I’m all for rational control, it is done in all our vineyards. We use the minimum dose and thoughtful treatment, we preserve the agricultural environment, we soil maintenance and fertilization, we treat effluents and waste management clients.
We would like to thank Mr. Garcion for his time and generous answers.  If there is a wine mentioned in this interview that you would like to try – please contact me at cody@rooftopcellars.com and I will try and find it for you.

The Insider’s Guide to Bordeaux – Wine-Making: Richard Curty

This is an installment of our Insider’s Guide to Bordeaux.  It is a series of interviews of people who live in Bordeaux providing their thoughts and tips on the wines, the city, and the food.

This interview was with Mr. Richard Curty the Wine Director of Ch. Parenchere.  He is a graduated oenologist and the wine-maker at Ch. Parenchere. You can visit him on facebook.

We interviewed him about his thoughts on wine-making in Bordeaux.

1. Which young wine-maker (or wine-makers) in Bordeaux will we be hearing about a lot about over the next 10-15 years?

Beside me I don’t know ! 😉

No, honestly I don’t like highlighting someone as I am very well placed to know that the quality of a wine does not rely on just one person. I have been consultant for 15 years in various estates and I have never known if the wines of my customers were good because they were listening to me or on the opposite because they didn’t follow my directions!

2. What are your thoughts on the oak / no-oak debate for Bordeaux wines?

For me, a barrel is for sure is the best container to age a great wine.  Therefore, I think that small, light wines shouldn’t be placed in barrels but rather bottled quickly to drink it young and fruity.

For some wines aged in barrels, some abuse has been made because at a certain time it was a fashionable. Some have unfortunately developed wines that expressed more wood than grapes and it’s really unfortunate because a well-controlled wood aging reveals the wine. For our Cuvée Raphaël we use only 20 to 30% new wood every year. The rest is older barrels.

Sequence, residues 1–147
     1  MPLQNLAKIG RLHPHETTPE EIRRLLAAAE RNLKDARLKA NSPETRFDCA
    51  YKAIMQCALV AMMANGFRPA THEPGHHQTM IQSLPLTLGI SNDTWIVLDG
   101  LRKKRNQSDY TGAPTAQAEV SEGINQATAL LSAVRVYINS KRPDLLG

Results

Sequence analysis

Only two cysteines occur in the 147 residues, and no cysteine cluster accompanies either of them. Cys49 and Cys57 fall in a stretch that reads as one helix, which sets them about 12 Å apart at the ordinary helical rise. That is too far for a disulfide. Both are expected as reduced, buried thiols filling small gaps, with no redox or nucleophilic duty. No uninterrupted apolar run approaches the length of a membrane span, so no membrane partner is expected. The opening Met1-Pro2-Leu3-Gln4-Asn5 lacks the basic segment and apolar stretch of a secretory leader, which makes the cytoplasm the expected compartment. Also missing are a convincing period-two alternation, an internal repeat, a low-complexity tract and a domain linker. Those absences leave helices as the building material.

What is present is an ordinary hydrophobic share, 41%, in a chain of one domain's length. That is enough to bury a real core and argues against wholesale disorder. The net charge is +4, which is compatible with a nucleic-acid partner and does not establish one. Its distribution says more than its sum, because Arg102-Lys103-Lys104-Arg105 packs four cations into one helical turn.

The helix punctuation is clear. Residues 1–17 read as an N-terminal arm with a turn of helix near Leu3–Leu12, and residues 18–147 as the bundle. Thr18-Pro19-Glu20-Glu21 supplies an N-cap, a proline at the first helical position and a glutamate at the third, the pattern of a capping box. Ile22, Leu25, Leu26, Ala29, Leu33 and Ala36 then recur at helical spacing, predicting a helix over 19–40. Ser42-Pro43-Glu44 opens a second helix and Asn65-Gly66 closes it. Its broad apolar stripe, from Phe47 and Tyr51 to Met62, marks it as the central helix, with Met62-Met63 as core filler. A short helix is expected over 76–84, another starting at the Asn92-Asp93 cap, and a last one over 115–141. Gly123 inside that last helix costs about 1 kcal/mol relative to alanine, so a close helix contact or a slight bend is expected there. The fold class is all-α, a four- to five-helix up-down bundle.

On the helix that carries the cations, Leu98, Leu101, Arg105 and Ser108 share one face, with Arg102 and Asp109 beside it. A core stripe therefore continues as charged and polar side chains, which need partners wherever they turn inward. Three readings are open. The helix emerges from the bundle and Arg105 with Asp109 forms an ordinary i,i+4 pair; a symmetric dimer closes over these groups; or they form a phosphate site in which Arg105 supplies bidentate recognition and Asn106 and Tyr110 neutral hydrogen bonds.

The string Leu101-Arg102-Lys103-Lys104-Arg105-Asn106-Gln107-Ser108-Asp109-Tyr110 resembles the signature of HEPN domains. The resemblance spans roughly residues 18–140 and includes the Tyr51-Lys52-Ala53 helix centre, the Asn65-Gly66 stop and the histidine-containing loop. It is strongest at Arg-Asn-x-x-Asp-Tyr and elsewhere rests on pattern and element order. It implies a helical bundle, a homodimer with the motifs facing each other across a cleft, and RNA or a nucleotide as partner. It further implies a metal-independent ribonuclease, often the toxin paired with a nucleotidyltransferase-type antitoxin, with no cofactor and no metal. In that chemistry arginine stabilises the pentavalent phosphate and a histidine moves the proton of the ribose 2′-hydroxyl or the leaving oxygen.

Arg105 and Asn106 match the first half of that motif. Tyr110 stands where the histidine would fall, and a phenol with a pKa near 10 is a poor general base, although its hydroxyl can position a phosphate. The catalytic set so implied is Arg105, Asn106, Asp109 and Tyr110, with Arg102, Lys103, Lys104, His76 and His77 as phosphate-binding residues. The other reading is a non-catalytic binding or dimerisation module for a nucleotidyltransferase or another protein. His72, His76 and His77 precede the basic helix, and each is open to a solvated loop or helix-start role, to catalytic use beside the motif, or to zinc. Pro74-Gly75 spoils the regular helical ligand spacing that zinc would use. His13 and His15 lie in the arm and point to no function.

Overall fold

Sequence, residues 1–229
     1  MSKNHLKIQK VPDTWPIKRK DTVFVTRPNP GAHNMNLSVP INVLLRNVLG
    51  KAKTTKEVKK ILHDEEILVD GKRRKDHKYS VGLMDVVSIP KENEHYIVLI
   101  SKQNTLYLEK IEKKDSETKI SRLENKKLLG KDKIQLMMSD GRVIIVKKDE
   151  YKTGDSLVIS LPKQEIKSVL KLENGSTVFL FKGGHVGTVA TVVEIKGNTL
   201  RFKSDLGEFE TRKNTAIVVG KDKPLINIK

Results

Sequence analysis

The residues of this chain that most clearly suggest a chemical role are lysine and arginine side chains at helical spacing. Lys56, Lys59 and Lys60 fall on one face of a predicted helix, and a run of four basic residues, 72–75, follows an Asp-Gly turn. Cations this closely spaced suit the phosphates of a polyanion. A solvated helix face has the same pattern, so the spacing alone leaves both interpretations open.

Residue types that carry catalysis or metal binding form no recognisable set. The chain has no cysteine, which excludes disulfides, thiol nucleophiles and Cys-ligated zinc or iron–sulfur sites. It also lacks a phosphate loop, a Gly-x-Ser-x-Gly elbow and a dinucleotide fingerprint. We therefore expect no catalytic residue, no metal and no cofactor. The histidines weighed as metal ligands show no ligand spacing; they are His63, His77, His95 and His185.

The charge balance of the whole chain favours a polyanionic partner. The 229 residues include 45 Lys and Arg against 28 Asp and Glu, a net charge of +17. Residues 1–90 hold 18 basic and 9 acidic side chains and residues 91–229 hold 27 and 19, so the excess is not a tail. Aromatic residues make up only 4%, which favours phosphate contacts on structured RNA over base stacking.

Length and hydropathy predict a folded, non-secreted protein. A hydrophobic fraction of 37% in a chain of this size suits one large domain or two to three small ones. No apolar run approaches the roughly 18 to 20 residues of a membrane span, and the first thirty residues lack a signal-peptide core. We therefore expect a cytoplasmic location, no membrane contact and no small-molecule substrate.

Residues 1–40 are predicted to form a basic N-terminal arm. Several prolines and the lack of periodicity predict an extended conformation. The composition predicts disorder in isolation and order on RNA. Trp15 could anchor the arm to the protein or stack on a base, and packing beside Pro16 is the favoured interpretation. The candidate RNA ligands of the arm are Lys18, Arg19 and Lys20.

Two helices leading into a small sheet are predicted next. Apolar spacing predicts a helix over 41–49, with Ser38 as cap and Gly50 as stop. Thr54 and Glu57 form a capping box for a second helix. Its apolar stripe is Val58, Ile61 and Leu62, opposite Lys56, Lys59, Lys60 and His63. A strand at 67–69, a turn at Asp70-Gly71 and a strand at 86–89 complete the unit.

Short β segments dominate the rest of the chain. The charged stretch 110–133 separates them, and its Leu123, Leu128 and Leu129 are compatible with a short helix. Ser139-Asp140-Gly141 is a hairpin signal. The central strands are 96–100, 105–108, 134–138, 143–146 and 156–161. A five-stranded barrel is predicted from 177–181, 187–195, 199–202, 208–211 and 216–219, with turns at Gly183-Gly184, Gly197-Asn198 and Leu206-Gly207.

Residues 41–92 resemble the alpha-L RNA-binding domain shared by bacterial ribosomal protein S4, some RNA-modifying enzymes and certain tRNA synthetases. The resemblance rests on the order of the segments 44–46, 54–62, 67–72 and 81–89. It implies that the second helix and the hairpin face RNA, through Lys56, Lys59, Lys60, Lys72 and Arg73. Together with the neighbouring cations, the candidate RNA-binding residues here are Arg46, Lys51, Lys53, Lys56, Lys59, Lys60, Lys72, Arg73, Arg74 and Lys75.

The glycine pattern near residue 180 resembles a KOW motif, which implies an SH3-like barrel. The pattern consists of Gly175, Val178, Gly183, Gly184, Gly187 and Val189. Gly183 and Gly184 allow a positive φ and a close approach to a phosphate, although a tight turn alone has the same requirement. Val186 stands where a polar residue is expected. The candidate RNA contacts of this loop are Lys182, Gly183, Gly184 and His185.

3. What are your thoughts on the worldwide influence of wine consultants from Bordeaux and the wines that they create?  Do you think there is an international style of wine emerging?

There are strong personalities in Bordeaux, now world-famous, who have indeed created styles of wines but have also allowed by their researches to find technical and oenological ways to express the best of each variety.  But yes fashion is for sure toward powerful fruity wines, with a little sweetness.

4. What changes in wine-making do you think we will see in Bordeaux in the next 10 years? What important trends, processes, etc. we should expect to see?

After the standardization trend, now the move is going to authenticity. Too many wine look alike in Bordeaux, but in the world in general. Now, the tendency is going to revealing the identity and personality of each Terroir.

It is not so much a question of techniques as wine-making techniques today are most of the time directed to correct a fault in the quality the grapes. It is more a focus of the work on the vineyard itself.

5. What influence do you think the organic, biodynamic, and natural wine movements will have on Bordeaux wines, if any?

Agricuture in general has made a big progress as the world discovered the abuses that were done in the 70’s and 80’s because of a total lack of information on the products used.  A consciousness has emerged. Now the rules of production are getting more and more strict and the legislation is forcing people which are not very aware to be much more cautious in what they use in their soils and how they run their estates.

Those organic/biodynamic/natural wines reflects this and more and more estates look in this direction now. Moreover, this is now viewed as a way to more identity/ authenticity – the trend we were describing before.

At Parenchère, we are in “Agriculture Raisonnée” (Sustainable). We have just received the Certification “ High Environmental Value” – Level 3 (the highest level). We are one of the first estates to receive this qualification as we believe that we have a responsability in our environment and what is good for the soils is good for the wine.

Thanks to Mr. Curty for his time and generous answers.  If there was a wine mentioned in this post that you want to try – be sure to contact me at cody@rooftopcellars.com and I will try and find it for you.